Saturday, March 24, 2007

A "candy train" birthday cake

Ruth, my sister, and Aviv's aunt, prepared a train, or a candy train cake for Aviv's birthday party.

A soccer game birthday cake

We celebrated today (this is the third time in the last 2-3 weeks: first time was at my parents' home, second time in the kindergarden and this is the third) Aviv's 6th birthday, by inviting over to our house family members.

Here's a birthday cake with a soccer theme.

Friday, March 23, 2007

New pictures from a morning in the National Park in Ramat-Gan

I spent this morning with my mother and my youngest son, Nir, at the national park in Ramat-Gan. We went there due to a gathering of participants of Tapuz's gardening forum.

Here's my post with many pictures, at the forum:

Thursday, March 22, 2007

New patent submission

I just submitted a new patent idea at work. It describes a pattern matching engine that I designed and implemented for signature based negative security (i.e., signature based IDS/IPS). The engine is useful in cases where one needs to match a large (possibly even a very large) number of matching rules against data, for example be used in lexical analyzers or parsers, or other information extraction tools.

Let's see when the patent committee discusses the idea.

Multiple possible root elements in XML Schema validation

I posted to xml-dev that validation of an XML document against an XML Schema allows more than one root element to the document when there are global element definitions in the schema.

This was confirmed and the relevant standard text was quoted by repliers.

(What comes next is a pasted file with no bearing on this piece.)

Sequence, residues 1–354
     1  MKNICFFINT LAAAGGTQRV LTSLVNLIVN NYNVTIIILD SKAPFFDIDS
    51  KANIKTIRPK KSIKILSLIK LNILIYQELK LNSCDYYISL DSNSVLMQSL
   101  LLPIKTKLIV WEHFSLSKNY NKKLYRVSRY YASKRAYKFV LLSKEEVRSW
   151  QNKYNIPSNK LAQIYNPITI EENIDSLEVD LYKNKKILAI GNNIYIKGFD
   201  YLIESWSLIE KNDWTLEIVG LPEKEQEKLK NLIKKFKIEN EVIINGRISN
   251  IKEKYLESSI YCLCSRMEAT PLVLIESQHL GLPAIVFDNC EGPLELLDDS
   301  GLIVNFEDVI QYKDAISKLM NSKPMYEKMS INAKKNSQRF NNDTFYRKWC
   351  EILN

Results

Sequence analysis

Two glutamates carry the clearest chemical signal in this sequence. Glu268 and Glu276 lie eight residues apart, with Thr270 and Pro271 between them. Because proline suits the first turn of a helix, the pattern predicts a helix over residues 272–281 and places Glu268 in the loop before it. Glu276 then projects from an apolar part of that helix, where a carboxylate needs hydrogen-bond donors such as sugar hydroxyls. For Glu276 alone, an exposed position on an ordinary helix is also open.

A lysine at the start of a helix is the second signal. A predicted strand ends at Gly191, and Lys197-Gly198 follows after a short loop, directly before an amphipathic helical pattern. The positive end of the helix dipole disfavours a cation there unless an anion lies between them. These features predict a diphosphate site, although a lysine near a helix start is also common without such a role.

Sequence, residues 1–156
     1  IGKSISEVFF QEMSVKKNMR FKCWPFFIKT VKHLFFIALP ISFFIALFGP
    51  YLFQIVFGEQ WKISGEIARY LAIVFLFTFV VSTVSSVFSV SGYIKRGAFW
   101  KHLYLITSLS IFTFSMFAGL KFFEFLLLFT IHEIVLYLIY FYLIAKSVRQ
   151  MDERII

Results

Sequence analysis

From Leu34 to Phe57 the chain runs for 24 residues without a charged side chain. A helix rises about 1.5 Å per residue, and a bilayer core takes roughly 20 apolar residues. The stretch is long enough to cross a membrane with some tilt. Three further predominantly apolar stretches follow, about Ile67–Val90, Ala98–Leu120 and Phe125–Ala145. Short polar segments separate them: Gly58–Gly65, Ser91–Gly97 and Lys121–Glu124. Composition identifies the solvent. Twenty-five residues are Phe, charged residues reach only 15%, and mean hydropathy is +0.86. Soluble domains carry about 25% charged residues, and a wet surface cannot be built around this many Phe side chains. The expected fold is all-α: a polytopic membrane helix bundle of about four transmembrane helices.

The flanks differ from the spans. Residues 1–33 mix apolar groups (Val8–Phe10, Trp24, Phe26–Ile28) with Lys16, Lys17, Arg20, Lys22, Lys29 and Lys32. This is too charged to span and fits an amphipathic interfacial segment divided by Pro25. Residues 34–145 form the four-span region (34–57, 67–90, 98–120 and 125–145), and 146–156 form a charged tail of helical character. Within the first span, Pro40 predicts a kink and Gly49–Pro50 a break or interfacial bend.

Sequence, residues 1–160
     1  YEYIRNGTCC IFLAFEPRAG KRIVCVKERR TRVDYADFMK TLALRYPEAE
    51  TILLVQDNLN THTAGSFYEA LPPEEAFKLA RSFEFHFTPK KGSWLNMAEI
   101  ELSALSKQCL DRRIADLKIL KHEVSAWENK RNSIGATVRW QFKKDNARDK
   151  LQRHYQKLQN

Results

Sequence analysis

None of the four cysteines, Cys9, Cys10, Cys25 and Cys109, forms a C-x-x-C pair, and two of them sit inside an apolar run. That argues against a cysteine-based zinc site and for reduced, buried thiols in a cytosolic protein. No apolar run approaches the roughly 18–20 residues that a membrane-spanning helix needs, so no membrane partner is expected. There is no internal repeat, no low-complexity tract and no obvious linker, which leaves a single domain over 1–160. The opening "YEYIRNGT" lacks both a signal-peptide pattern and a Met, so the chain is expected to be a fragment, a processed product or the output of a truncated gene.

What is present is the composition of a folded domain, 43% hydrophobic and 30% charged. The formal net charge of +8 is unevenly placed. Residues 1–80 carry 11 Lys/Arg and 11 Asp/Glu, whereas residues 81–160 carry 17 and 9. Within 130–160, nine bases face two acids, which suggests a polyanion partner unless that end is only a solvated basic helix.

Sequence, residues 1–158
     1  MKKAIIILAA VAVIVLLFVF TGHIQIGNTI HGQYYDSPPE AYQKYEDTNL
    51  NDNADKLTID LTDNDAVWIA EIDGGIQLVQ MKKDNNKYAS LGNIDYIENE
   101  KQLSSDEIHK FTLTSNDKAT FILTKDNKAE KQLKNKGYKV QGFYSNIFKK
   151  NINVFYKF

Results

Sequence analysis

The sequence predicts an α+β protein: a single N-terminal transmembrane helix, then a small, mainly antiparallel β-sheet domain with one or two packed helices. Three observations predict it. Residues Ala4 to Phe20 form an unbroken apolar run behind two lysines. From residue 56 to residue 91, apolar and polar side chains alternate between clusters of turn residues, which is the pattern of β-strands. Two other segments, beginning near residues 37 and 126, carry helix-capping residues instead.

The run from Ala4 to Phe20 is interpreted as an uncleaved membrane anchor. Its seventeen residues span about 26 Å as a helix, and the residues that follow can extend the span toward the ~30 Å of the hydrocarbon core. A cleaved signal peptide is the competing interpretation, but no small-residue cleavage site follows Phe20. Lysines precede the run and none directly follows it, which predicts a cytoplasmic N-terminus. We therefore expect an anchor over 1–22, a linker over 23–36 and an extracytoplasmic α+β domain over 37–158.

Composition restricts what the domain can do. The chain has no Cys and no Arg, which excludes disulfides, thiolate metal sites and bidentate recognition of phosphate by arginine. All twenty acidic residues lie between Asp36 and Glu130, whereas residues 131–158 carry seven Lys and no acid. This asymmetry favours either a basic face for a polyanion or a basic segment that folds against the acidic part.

See: [link to post is not yet available in the online archives]

Wednesday, March 21, 2007

Google Reader

A few weeks ago a friend of mine at work showed me how he reads things using the Google Reader. From then on my life is not the same :-)

I gradually find more bloggers that I enjoy reading and I like it!

I started to do daily reads on XML technology, math, science, open source software, linguistics, data mining and other interesting things.

Sunday, March 18, 2007

New pictures of the kids

There are new pictures on the kids available on the gallery at

Here are some previews:

Nir with his great grandmother (Michal's grandmother), Sabina.

Sivan devouring some olives.

Aviv just before his celebration of his 6th birthday party at his kindergarden with his teacher, Sara.

Saturday, March 17, 2007

Music of the primes המוסיקה של המספרים הראשוניים

I read the "Music of the primes" over the weekend. See my review on Amazon:

קראתי את ספרו המרתק של מרכוס דה סוטוי, המוסיקה של המספרים הראשוניים. הסקירה ההסטורית על נושא במתמטיקה וחשיפה עלילתית של ההתמודדות של האנשים השונים, של החוקרים השונים והכול תוך כדי חשיפת האוירה והתרבות והחיים בתקופות שבהם פעלו הדמויות -- כל זה מרתק.

I'd describe the book first as a novel, then as a history book and will not describe it at all as a mathematics book. It does, nonetheless, links nicely the thread that links several important works in mathematics.

Too many metaphors for my taste. Also, too many repetitions on information that was already mentioned in previous pages.